Super Cryptography : The Next Generation Encryption

The next generation of encryption technologies meets this need by using Elliptic Curve Cryptography (ECC) to replace RSA and DH, and using Galois/Counter Mode (GCM) of the Advanced Encryption Standard (AES) block cipher for high-speed authenticated encryption. Elliptic curve cryptography (ECC) is an approach to public-key cryptography based on the algebraic structure of elliptic curves over finite fields. The use of elliptic curves in cryptography was suggested independently by Neal Koblitz and Victor S. Miller in 1985. According to Cisco,"New algorithms for encryption, authentication, digital signatures, and key exchange are needed to meet escalating security and performance requirements".

A 244-bit ECC key has the equivalent strength of a 2048-bit RSA key for security; a 384-bit ECC key matches a 7680-bit RSA key. Greater strength for any given key length enables the use of shorter keys, resulting in significantly lower computational loads and memory requirements, faster computations, smaller chips, and lower power consumption—all beneficial for implementations of asymmetric authentication in low-cost systems.

The U.S. government selected and recommended a set of cryptographic standards, called Suite B because it provides a complete suite of algorithms that are designed to meet future security needs. Suite B is a set of cryptographic algorithms promulgated by the National Security Agency as part of its Cryptographic Modernization Program. Suite B has been approved for protecting classified information at both the SECRET and TOP SECRET levels. Suite B sets a good direction for the future of network security, and the Suite B algorithms have been incorporated into many standards.

"Cryptographic algorithms and key sizes are designed to make it economically infeasible for an attacker to break a cryptosystem. In principle, all algorithms are vulnerable to an exhaustive key search. In practice, this vulnerability holds only if an attacker can afford enough computing power to try every possible key. Encryption systems are designed to make exhaustive search too costly for an attacker, while also keeping down the cost of encryption. The same is true for all of the cryptographic components that are used to secure communications – digital signatures, key establishment, and cryptographic hashing are all engineered so that attackers can’t afford the computing resources that would be needed to break the system." - David McGrew says on Cisco Blog.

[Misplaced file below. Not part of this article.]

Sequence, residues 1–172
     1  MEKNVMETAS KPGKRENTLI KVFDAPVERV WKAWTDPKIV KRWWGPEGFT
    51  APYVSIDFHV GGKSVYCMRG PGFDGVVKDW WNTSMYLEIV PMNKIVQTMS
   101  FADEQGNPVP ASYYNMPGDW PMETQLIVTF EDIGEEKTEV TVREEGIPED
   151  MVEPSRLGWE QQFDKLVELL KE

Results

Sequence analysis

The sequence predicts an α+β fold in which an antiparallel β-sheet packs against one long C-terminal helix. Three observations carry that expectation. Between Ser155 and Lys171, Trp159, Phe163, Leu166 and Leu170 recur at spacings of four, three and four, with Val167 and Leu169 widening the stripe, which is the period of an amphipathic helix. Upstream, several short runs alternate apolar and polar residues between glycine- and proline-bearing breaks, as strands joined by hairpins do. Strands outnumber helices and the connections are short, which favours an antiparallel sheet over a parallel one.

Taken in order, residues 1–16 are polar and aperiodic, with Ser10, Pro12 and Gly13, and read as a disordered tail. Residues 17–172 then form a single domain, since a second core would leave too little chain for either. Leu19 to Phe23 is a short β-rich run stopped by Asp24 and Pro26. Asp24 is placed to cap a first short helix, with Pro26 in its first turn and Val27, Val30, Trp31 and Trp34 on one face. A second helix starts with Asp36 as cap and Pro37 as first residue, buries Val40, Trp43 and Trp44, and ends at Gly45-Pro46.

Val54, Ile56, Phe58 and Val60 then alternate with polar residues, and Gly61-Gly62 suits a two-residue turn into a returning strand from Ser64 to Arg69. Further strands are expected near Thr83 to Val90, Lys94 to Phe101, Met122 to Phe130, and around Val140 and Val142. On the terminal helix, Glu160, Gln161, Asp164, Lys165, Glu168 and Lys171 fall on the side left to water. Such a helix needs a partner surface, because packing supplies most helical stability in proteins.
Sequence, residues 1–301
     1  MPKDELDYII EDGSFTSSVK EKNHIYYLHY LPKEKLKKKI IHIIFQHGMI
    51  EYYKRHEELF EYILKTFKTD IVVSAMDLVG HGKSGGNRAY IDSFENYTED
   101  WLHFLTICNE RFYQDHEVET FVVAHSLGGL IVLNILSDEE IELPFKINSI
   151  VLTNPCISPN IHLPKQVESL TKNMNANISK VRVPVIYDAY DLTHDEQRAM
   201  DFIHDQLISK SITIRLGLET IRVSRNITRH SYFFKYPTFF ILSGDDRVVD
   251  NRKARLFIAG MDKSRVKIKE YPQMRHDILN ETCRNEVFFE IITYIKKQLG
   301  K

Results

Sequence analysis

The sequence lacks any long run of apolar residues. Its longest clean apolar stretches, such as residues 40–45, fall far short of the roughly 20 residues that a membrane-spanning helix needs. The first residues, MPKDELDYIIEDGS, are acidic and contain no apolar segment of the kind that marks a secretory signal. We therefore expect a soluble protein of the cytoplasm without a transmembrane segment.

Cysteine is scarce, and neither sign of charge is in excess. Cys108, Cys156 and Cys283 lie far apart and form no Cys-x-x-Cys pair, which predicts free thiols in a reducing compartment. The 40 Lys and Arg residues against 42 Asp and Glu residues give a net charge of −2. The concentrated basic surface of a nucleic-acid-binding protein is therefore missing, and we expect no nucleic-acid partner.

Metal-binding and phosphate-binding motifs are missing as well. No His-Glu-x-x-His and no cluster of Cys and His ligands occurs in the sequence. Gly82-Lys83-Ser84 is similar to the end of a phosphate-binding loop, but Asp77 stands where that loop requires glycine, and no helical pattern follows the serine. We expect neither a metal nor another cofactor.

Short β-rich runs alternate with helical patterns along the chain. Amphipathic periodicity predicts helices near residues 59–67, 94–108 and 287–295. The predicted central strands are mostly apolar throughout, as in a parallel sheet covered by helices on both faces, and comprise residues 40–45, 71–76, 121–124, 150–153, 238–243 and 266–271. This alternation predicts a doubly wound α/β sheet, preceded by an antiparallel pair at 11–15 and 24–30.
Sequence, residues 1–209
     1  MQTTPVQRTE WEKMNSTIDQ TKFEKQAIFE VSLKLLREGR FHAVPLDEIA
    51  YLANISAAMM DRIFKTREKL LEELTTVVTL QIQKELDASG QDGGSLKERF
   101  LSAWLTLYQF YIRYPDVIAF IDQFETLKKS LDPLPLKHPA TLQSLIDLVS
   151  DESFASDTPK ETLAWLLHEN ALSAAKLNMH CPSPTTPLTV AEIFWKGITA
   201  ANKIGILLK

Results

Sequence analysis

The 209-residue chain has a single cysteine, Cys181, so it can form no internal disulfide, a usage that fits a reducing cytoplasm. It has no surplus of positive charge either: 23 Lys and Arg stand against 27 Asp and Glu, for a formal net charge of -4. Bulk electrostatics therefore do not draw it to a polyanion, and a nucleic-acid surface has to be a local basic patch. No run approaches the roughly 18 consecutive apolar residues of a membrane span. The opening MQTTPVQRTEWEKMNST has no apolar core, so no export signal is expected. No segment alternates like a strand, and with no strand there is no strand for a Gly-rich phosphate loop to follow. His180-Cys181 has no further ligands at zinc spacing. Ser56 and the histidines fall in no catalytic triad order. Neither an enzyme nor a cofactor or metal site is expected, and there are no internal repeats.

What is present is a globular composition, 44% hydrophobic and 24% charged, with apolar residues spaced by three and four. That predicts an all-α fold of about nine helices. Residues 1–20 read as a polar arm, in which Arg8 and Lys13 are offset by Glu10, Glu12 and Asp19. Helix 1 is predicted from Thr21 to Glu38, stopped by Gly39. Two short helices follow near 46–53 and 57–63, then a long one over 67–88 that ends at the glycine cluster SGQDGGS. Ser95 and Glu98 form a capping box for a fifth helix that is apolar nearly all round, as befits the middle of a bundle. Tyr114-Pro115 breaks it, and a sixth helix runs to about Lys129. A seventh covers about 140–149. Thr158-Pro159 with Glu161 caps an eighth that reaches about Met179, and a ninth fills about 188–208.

Cisco VPN Internal Service Module for ISR G2 acceleration module supports the latest encryption standards, including stronger National Security Agency (NSA) regulated encryption algorithms such as SUITE-B. The Cisco VPN Internal Service Module (VPN ISM) is a compact, versatile high-performance VPN blade for the Cisco Integrated Services Routers Generation 2 (ISR G2). It provides up to three times better performance for IPsec VPN encrypted traffic.

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